Iqaluit
(7,740.[3]). The majority of the rest live in twelve hamlets— Arctic Bay
Arctic Bay
(868[4]), Cape Dorset
Cape Dorset
(1,441[5]), Clyde River (1,053[6]), Grise Fiord
Grise Fiord
(129[7]), Hall Beach
Hall Beach
(848[8]), Igloolik (1,682[9]), Kimmirut
Kimmirut
(389[10]), Pangnirtung
Pangnirtung
(1,481[11]), Pond Inlet (1,617[12]), Qikiqtarjuaq
Qikiqtarjuaq
(598[13]), Resolute (198[14]) and Sanikiluaq (882[15]). Alert (CFS Alert) and Eureka are part of the Baffin, Unorganized (62[16]) areas in Qikiqtaaluk. Formerly there was a mining town at Nanisivik. However, it and the Nanisivik
Nanisivik
Mine closed in 2002, with Nanisivik
Nanisivik
Airport closing in 2010 and all flights transferred to Arctic Bay
Arctic Bay
Airport. Like the majority of Canada's Inuit
Inuit
communities, the regions traditional country food includes seal, Arctic char, walrus, polar bear and caribou-which are abundant.[1] Iqaluit[edit]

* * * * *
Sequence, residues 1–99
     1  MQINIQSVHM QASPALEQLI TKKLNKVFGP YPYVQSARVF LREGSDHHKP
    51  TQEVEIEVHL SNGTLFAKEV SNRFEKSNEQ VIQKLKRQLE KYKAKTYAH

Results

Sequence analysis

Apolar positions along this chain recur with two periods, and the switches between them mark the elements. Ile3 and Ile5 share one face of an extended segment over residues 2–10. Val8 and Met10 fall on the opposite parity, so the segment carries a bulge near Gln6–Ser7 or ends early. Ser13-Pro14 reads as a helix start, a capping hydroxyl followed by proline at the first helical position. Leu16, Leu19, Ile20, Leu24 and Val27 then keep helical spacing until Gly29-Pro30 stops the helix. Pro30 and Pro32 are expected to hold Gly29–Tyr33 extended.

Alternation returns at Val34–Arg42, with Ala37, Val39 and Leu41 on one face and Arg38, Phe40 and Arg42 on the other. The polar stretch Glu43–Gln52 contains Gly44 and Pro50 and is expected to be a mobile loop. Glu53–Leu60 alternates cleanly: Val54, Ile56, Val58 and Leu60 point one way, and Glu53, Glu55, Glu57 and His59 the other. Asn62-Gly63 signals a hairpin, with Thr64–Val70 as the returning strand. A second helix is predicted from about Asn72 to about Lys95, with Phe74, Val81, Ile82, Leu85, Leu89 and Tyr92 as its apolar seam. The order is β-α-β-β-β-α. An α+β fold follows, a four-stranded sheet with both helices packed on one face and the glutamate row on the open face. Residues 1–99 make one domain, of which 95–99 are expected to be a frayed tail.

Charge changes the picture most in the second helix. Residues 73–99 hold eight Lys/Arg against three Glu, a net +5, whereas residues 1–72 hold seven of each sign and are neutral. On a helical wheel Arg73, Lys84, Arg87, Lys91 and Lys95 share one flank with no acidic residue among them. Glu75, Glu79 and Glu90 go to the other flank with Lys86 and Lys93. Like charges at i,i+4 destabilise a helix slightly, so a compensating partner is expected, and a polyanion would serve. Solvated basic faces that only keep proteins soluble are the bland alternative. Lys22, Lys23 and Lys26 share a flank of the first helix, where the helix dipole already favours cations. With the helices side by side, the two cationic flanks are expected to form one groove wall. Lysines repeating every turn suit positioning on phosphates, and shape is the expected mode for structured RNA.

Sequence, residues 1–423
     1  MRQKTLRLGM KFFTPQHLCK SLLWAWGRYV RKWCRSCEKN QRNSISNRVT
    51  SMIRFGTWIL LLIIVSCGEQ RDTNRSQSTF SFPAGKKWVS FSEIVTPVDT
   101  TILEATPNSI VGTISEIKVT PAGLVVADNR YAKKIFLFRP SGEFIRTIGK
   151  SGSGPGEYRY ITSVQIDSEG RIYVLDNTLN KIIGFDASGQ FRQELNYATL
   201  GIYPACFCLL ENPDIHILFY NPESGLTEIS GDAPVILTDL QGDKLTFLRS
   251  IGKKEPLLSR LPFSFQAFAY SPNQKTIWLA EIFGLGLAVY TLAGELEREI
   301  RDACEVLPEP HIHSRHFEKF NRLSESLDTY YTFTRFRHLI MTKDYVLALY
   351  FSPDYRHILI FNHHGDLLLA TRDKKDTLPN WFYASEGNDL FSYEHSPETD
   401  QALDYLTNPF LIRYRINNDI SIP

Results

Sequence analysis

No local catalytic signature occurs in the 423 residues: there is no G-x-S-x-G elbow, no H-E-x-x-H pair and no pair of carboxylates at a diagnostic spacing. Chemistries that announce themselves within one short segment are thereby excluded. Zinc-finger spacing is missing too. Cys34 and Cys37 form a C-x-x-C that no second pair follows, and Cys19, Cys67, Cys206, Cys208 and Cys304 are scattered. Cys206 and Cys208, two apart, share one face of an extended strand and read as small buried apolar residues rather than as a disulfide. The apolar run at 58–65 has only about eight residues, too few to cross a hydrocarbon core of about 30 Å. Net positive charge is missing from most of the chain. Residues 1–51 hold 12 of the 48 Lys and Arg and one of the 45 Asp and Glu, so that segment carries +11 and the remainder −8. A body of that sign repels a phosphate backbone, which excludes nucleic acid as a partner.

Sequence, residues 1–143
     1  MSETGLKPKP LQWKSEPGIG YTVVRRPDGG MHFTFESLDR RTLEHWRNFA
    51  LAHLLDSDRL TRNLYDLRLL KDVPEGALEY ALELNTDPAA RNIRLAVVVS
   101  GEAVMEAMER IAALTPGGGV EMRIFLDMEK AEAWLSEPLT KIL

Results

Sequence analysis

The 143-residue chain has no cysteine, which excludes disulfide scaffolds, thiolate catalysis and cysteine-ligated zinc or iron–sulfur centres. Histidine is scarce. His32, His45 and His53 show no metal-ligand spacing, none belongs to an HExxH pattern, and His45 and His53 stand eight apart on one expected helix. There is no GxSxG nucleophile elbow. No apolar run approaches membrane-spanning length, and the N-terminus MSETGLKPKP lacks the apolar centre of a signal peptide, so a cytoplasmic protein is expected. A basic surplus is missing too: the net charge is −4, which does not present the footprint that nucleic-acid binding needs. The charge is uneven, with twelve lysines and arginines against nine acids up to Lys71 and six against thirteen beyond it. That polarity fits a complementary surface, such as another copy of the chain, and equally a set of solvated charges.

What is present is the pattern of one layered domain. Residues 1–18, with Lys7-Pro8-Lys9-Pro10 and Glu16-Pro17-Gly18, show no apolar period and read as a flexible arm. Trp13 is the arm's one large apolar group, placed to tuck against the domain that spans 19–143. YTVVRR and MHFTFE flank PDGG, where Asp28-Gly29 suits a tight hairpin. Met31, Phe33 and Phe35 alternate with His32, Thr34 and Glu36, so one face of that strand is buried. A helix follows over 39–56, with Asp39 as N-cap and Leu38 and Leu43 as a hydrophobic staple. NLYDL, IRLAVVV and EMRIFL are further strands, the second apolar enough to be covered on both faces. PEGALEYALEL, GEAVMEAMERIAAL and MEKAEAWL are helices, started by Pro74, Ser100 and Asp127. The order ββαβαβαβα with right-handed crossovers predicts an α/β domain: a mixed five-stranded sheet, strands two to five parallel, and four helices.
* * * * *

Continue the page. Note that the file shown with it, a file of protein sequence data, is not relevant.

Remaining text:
Mount Odin, Auyuittuq National Park

Iqaluit
Iqaluit
waterfront, 2011

Iqaluit
Iqaluit
has the Astro Hill Complex, the Nunatta Sunakkutaangit Museum and the Legislative Building of Nunavut
Nunavut
and the Unikkaarvik Visitors Centre. Pre-contact[edit] According to anthropologists and historians, the Inuit
Inuit
are the descendants of the Thule people
Thule people
who displaced the Dorset culture
Dorset culture
(in Inuktitut, the Tuniit).[17][18] By 1300 the Inuit
Inuit
had trade routes with more southern cultures.[19] History[edit] About 1910 Europeans markets increased their interest in white fox pelts. The distribution and mobility of Inuit
Inuit
changed as the expanded their traditional hunting and fishing routes to participate in the white fox fur trade. Traditional food staples—such as seal and caribou—were not always found in the same regions as white fox.[1] The Hudson's Bay Company—which was chartered in 1670—had been opening fur trading posts throughout Inuit
Inuit
and First Nations territory. By 1910, the HBC was restructured into a lands sales department, retail and fur trade. The HBC dominated the fur trade under minimal supervision from the Canadian government, and some Anglican and Catholic missionaries who lived near remote northern hamlets. By 1922 most of imported goods acquired by Inuit